The aim of this study was to elicit views from UK consultants in old age psychiatry concerning changes that were taking place in long-term care for older people with mental illness (especially dementia) and their views on a draft consensus statement produced by the Faculty for Psychiatry of Old Age on behalf of the College. A postal questionnaire was circulated as part of a wider survey of 472 consultants and a single postal reminder was sent to non-responders.
Two hundred and forty-two (51%) consultants responded. Nearly nine out of 10 respondents were in favour of continuing NHS consultant-supervised long-stay beds and three-quarters of them preferred a return to national numerical guidelines for bed numbers, though at a level approximately half of previous guidelines and provision. This was accompanied by a view that such beds should no longer be ‘for life’ with over three-quarters of respondents supporting discharge if, for example, behaviour problems resolved. If Government policy continued to support ‘eligibility criteria’ rather than guidelines, 60% were in favour of national rather than local criteria. There was very strong support for the draft consensus statement (now published in modified form as College Policy) and the ‘eligibility criteria’ it contained. Agreed criteria for waiting times in acute beds for continuing NHS, nursing home or residential care were not widely used.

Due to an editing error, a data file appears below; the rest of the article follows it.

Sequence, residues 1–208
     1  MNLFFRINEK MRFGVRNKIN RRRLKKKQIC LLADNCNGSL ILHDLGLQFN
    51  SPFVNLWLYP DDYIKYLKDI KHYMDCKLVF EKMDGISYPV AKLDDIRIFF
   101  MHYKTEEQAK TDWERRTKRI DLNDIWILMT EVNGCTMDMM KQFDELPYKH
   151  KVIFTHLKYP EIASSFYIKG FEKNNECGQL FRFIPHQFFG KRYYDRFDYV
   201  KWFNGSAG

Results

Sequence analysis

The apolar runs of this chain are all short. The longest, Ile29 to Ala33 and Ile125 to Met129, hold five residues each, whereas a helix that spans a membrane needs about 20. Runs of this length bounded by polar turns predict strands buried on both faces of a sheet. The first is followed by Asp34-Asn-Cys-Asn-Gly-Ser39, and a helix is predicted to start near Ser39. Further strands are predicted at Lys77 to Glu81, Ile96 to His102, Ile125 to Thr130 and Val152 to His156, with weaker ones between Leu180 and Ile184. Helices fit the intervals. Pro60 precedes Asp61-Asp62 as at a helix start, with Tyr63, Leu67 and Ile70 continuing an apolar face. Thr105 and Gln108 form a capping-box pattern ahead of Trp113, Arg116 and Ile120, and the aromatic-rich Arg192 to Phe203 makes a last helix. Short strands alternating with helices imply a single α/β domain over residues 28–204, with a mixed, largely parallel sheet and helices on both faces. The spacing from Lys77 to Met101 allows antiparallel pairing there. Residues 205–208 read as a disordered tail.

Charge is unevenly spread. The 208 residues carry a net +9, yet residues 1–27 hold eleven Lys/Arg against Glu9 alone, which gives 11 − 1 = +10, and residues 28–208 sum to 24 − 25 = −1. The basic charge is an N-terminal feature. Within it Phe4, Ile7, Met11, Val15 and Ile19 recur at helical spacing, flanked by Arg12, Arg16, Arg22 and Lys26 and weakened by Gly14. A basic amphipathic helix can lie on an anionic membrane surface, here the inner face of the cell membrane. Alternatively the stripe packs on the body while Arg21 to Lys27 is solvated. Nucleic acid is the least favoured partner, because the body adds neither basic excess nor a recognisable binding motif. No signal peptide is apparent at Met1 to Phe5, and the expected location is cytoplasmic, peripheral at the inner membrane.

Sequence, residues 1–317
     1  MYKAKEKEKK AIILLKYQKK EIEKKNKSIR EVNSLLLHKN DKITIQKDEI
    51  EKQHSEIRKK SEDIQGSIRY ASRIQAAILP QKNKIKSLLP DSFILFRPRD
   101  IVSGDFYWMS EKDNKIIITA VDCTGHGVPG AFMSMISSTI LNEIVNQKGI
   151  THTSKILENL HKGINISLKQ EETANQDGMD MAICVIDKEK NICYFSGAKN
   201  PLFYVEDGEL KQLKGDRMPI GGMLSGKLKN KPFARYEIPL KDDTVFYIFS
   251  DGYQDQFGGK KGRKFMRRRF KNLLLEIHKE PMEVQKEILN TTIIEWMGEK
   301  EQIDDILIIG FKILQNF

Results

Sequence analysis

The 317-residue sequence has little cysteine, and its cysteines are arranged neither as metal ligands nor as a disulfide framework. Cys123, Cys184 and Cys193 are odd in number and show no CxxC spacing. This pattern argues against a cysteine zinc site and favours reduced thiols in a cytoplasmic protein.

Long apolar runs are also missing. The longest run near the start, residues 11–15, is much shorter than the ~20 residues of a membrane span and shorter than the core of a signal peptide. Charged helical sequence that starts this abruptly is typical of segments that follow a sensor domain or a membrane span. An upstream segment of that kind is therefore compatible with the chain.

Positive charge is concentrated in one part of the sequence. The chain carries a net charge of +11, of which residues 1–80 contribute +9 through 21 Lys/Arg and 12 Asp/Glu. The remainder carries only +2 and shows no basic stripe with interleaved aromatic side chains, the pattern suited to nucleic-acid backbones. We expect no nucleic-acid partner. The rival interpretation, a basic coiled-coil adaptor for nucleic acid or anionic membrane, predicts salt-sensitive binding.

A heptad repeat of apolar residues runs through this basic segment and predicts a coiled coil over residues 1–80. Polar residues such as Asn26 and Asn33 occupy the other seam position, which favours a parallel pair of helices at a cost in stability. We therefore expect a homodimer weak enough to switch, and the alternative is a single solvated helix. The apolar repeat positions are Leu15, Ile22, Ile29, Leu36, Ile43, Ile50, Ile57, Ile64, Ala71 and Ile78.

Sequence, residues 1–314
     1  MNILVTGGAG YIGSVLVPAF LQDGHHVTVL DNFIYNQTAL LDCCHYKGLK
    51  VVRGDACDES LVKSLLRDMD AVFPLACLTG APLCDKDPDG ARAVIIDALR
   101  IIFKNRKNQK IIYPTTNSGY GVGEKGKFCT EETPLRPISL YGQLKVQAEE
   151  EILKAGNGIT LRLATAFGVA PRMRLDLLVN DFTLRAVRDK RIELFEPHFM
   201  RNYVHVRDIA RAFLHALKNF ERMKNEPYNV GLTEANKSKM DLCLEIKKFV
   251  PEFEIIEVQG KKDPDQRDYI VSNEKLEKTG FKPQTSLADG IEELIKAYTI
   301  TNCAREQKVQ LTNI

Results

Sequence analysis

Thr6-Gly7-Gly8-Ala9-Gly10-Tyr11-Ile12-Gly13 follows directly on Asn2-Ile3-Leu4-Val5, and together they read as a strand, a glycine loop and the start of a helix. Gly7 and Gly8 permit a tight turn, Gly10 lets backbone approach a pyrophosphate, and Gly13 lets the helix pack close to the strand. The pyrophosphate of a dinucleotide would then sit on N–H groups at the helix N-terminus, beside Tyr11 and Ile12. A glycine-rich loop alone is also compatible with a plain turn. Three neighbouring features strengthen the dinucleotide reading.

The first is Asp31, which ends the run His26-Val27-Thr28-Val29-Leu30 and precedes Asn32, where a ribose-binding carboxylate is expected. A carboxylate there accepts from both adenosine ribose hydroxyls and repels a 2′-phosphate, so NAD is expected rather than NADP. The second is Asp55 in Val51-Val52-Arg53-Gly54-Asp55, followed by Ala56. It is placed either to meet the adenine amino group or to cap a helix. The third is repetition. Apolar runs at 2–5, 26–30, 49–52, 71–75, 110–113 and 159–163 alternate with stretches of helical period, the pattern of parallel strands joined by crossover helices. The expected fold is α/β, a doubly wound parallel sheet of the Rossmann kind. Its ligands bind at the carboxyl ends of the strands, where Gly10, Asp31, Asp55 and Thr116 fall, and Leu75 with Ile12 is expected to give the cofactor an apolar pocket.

Consultants want to continue to be responsible for some longer-term care and efforts should be made to develop the role of NHS longer-term care within the 'spectrum of services' provided for older people with psychiatric disorder, perhaps by acting as local ‘centres of excellence’ in dementia care as well as by providing services for patients with the more difficult behavioural problems. The more widespread use of ‘agreed waiting times' for patients in acute beds requiring longer-term care should be explored.
Email your librarian or administrator to recommend adding this journal to your organisation's collection.